National Center for
1E3D: [NiFe] Hydrogenase from Desulfovibrio desulfuricans ATCC 27774
[NiFe] hydrogenase from Desulfovibrio desulfuricans ATCC 27774: gene sequencing, three-dimensional structure determination and refinement at 1.8 A and modelling studies of its interaction with the tetrahaem cytochrome c3
J. Biol. Inorg. Chem. (2001) 6 p.63-81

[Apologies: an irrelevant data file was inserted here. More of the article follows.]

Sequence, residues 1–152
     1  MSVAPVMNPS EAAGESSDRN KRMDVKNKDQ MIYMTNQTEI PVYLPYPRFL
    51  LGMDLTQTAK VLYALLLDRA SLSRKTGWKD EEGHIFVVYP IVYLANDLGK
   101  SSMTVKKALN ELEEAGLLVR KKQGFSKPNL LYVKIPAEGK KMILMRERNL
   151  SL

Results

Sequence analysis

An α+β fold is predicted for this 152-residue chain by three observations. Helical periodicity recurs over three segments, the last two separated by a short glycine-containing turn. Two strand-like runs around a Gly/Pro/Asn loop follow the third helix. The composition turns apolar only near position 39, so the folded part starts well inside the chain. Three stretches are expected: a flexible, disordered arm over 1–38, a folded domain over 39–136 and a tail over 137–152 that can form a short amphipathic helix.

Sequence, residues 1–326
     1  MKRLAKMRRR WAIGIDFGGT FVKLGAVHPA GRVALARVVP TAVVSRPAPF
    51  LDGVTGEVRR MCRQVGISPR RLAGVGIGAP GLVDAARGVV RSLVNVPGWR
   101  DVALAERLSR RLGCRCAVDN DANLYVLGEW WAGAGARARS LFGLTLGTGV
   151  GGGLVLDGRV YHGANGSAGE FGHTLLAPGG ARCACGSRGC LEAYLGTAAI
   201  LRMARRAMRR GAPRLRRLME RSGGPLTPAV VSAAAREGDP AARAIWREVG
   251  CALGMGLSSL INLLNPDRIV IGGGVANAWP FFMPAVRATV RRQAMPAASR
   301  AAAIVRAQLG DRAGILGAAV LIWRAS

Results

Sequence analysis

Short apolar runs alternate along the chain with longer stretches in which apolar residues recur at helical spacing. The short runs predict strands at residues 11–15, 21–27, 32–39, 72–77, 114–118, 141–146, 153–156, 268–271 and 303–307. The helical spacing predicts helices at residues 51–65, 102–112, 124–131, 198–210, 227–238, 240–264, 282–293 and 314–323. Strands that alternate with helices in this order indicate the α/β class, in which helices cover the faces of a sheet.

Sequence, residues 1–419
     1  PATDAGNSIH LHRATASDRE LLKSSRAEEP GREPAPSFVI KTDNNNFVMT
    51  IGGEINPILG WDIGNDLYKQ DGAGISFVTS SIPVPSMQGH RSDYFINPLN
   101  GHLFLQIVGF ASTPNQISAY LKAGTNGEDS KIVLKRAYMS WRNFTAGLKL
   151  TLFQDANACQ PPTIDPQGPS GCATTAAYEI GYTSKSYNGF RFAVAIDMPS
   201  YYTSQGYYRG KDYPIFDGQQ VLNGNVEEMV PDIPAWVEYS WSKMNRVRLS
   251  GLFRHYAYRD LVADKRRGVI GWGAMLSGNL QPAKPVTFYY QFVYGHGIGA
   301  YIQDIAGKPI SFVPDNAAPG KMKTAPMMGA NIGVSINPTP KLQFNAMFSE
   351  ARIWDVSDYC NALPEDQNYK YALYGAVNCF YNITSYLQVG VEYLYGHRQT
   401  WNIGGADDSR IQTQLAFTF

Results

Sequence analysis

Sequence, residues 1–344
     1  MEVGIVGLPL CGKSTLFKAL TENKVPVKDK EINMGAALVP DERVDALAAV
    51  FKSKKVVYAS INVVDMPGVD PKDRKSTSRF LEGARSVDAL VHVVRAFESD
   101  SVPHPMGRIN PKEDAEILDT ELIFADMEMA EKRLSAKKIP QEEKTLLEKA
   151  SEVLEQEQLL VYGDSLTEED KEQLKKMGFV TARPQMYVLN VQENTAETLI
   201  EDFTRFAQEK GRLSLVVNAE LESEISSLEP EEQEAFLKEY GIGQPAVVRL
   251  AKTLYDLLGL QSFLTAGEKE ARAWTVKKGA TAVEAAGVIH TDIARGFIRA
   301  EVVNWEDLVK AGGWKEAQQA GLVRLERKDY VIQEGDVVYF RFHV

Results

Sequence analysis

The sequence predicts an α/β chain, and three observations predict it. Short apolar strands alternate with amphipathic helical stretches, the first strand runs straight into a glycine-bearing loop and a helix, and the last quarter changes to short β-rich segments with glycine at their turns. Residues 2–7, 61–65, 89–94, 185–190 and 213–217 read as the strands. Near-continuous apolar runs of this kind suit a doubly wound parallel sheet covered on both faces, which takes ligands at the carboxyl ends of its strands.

The primary and three-dimensional structures of a [NiFe] hydrogenase isolated from D. desulfitricans ATCC 27774 were determined, by nucleotide analysis and single-crystal X-ray crystallography. The three-dimensional structural model was refined to R=0.167 and Rfree=0.223 using data to 1.8 A resolution. Two unique structural features are observed: the [4Fe-4S] cluster nearest the [NiFe] centre has been modified [4Fe-3S-3O] by loss of one sulfur atom and inclusion of three oxygen atoms; a three-fold disorder was observed for Cys536 which binds to the nickel atom in the [NiFe] centre. Also, the bridging sulfur atom that caps the active site was found to have partial occupancy, thus corresponding to a partly activated enzyme. These structural features may have biological relevance. In particular, the two less-populated rotamers of Cys536 may be involved in the activation process of the enzyme, as well as in the catalytic cycle. Molecular modelling studies were carried out on the interaction between this [NiFe] hydrogenase and its physiological partner, the tetrahaem cytochrome c3 from the same organism. The lowest energy docking solutions were found to correspond to an interaction between the haem IV region in tetrahaem cytochrome c3 with the distal [4Fe-4S] cluster in [NiFe] hydrogenase. This interaction should correspond to efficient electron transfer and be physiologically relevant, given the proximity of the two redox centres and the fact that electron transfer decay coupling calculations show high coupling values and a short electron transfer pathway. On the other hand, other docking solutions have been found that, despite showing low electron transfer efficiency, may give clues on possible proton transfer mechanisms between the two molecules.